On a regular basis polling shows the American public has very little trust/faith in the ability of government. G. Edward DeSeve has a great post on Governing.com expressing his thoughts on six factors that are important for the public to regain trust in government. Excerpts from his post are below:

Honesty: Ethical behavior is often taken for granted until there is a breach. Promoting honesty must go beyond mere ethics training. It has to be built into a culture that won’t tolerate even small lies or a little bit of cheating. Schools of public policy and management should make the study of what constitutes ethical behavior mandatory.

Efficiency: This is making sure that government delivers “value for money.” Producing high-quality public goods and services should be done as inexpensively as possible. All the techniques of private industry should be utilized, and measurement of efficiency should be rigorous and comparative.

Transparency: If you are trying to gain people’s trust, they have to be able to see what is going on for themselves. Perception is often reality, so showing the public what is really happening can inspire more-positive perception. New developments in technology—including geospatial mapping and rapid feedback communications—enable government to operate both efficiently and transparently at the same time.

Accountability: This is simply telling people what you are going to do and then giving them an accounting of how you did. Performance management should stretch from “the shop floor to the top floor” and should allow managers at every level to demonstrate how well they are doing their jobs. Pride in doing a good job and performance management should go hand in hand.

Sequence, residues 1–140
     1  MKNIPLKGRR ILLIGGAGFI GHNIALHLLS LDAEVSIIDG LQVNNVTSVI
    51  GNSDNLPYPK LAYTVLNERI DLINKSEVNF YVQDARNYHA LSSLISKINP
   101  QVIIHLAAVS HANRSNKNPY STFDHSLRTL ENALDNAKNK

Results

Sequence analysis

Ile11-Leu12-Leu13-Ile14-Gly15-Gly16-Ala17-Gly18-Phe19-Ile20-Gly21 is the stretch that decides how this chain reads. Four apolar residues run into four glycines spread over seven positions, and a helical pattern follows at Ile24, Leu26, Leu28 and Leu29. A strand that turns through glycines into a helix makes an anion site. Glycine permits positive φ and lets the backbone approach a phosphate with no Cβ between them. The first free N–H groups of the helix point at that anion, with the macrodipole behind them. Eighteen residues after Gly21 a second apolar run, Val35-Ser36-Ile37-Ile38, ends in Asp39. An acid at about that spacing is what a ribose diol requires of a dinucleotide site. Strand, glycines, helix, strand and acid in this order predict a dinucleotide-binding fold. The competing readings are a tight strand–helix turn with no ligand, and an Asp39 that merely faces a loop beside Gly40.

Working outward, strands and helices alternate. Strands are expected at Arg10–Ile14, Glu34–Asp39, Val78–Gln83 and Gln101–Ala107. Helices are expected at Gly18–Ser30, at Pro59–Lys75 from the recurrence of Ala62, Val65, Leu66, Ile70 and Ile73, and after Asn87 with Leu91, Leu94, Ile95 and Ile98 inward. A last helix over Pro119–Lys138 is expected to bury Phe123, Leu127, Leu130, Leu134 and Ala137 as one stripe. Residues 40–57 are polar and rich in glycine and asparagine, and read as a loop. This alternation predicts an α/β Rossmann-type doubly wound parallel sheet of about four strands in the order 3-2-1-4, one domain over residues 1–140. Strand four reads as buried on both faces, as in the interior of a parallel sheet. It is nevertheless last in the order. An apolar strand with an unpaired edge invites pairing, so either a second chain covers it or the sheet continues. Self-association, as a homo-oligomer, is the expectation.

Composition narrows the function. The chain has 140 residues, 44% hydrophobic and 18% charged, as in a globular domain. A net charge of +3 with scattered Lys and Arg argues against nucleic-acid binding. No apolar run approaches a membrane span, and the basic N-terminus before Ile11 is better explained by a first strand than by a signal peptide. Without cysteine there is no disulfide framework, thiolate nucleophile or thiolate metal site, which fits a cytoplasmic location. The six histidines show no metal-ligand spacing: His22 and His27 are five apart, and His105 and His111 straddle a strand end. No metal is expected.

Good policy choices: These start with good policy-development processes that translate public needs and conditions in the external environment into a coherent set of actionable strategies. Reasonable people will differ on what constitutes good policy, but the electorate knows it when they see it. Again, bringing transparency to policy development and even including the public in developing policies will lead to greater trust.

Positive outcomes: Implementation of policy choices honestly, efficiently, transparently and accountably should produce positive outcomes. If it doesn’t, managers should rapidly evaluate why the expected outcomes weren’t achieved and take corrective action. Program evaluation has fallen out of favor, perhaps because it was seen as something done tomanagers, not by them. As with creating an accountability framework, evaluation of outcomes should be in the hands of managers themselves, aided by technical experts if needed.

What do you think about these six ways to build public trust in government? What items would you add or delete to this list?

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